Jazz lifted by third EU approval for GW Pharma’s Epidyolex
GW Pharmaceuticals’ Epidyolex has been approved in the EU for a third epilepsy indication, giving a boost for the company ahead of its $7.2 billion takeover by Jazz Pharma.
The cannabis-derived drug has been cleared by the EMA to treat seizures associated with tuberous sclerosis complex (TSC), a condition in which mostly benign tumours grow in vital organs of the body, including the brain.
Around 85% of TSC patients develop epilepsy, and two-thirds of them don’t respond to standard anticonvulsant drugs, according to GW Pharma, which estimates there are around 40,000 to 50,000 TSC patients worldwide.
The approval is based on data from a phase 3 study of daily dose of cannabidiol which found that the drug reduced seizures compared to placebo, cutting the frequency by 49% versus 27% for the control group.
Epidyolex (cannabidiol) was the first cannabis-based medicine to be approved for marketing, getting a green light (as Epidiolex) in the US for rare epilepsy disorders Lennox-Gastaut syndrome and Dravet syndrome in 2018. That was followed by an EU approval for the same indications the following year.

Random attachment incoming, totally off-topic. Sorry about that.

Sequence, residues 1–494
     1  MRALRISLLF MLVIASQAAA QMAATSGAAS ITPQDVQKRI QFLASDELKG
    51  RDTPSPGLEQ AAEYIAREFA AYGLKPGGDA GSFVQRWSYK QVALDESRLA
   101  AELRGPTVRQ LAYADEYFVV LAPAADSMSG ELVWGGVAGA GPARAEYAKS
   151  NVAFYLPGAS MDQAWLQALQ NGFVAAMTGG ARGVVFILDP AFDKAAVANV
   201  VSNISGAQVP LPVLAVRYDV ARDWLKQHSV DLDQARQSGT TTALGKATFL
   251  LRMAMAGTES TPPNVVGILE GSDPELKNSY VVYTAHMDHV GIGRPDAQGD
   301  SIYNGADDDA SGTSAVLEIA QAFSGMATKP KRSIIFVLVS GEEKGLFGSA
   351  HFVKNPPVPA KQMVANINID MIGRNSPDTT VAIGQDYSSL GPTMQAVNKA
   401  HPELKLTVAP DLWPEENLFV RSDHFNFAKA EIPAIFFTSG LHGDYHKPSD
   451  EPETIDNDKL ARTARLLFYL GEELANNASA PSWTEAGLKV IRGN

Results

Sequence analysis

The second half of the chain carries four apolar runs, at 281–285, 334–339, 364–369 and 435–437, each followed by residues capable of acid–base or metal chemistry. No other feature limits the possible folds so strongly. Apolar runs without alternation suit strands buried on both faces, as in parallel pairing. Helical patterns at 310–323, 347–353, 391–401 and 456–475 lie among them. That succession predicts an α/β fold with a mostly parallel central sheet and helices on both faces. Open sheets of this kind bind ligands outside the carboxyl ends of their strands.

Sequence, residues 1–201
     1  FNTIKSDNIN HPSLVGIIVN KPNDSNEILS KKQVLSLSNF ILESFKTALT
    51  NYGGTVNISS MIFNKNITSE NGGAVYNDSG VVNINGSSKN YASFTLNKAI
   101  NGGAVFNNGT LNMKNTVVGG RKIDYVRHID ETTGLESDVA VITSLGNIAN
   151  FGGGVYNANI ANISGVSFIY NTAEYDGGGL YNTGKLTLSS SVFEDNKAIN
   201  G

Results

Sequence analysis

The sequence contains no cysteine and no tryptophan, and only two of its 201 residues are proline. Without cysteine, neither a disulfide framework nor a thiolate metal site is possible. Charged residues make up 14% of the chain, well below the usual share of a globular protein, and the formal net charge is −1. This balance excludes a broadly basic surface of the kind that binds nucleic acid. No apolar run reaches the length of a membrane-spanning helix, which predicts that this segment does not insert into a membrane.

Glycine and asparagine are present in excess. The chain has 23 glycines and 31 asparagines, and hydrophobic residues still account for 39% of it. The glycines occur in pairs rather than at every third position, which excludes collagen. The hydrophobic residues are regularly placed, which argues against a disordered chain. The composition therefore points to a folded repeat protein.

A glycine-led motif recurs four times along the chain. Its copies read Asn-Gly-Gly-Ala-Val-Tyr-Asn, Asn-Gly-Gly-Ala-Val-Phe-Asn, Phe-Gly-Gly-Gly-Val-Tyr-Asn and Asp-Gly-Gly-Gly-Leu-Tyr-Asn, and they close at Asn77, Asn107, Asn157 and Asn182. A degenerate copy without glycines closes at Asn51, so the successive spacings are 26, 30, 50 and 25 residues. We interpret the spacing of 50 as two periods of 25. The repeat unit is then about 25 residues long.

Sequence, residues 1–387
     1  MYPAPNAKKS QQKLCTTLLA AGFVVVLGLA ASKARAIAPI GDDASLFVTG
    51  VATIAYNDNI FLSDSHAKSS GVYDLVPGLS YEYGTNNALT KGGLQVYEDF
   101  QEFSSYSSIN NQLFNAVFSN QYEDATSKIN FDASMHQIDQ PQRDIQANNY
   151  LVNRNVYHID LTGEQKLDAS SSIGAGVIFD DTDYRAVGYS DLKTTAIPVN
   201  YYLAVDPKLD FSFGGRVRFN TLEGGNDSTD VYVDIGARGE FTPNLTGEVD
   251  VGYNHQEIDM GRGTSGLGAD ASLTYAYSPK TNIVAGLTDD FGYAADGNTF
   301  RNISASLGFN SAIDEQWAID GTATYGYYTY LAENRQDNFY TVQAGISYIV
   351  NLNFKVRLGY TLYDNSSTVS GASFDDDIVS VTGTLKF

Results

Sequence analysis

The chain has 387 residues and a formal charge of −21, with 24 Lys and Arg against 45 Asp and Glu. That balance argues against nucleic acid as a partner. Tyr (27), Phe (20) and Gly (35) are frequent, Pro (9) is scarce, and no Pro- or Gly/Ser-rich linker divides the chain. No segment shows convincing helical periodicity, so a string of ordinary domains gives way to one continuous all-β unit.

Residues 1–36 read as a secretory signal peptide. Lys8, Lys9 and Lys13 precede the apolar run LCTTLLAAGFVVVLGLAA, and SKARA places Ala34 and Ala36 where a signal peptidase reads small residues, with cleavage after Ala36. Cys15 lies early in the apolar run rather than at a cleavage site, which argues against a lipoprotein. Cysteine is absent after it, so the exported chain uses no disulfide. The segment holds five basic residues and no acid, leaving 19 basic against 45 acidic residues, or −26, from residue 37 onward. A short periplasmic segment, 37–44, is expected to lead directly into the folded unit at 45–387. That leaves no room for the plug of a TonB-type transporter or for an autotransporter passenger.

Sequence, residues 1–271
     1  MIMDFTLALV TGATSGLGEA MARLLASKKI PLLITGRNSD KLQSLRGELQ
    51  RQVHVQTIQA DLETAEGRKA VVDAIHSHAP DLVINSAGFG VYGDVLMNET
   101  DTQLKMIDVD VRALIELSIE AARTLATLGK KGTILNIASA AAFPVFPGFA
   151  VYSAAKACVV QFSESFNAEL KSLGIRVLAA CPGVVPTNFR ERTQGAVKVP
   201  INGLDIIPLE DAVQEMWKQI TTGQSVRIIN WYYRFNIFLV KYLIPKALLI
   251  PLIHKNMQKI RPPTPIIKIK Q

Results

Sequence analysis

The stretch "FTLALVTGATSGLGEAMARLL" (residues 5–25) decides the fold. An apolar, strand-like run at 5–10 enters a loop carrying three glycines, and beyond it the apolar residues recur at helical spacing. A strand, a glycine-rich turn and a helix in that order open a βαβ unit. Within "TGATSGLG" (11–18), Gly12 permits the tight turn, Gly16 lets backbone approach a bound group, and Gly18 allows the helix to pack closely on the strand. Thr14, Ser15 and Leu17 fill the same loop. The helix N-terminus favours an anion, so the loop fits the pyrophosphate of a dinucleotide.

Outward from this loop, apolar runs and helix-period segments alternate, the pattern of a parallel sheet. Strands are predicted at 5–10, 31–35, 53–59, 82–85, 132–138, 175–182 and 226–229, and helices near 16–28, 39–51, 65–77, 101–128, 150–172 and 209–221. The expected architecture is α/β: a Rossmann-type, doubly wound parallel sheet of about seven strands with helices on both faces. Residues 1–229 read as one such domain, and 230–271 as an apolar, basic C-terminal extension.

GW Pharma picked up an FDA approval for TSC in 2020, and GW Pharma also has plans to expand use of the drug into treatment-resistant epilepsies, which would significantly expand its target patient population.
The current approved indications for Epidyolex represent roughly 100,000 eligible patients, but that could be expanded into a million-plus patients if the development of the drug proceeds as planned.
GW and Jazz Pharma reckon that they have a near-term blockbuster on their hands with Epidyolex, which saw sales leap from $296 million in 2019 to around $510 million last year, a growth rate of 72%.
Meanwhile, beyond Epidiolex, GW also has a late-stage cannabis extract spray – nabiximols – which is in phase 3 testing in the US for spasticity caused by multiple sclerosis.
That drug is sold as Sativex outside the US by various marketing partners, and GW has said it thinks the US market for the drug could be worth around $450 million. It’s also developing it for other forms of spasticity and post-traumatic stress disorder (PTSD).
After news of the TSC approval in Europe broke, shares in Jazz Pharma rose 3% to approach $170, not far off its 52-week high.
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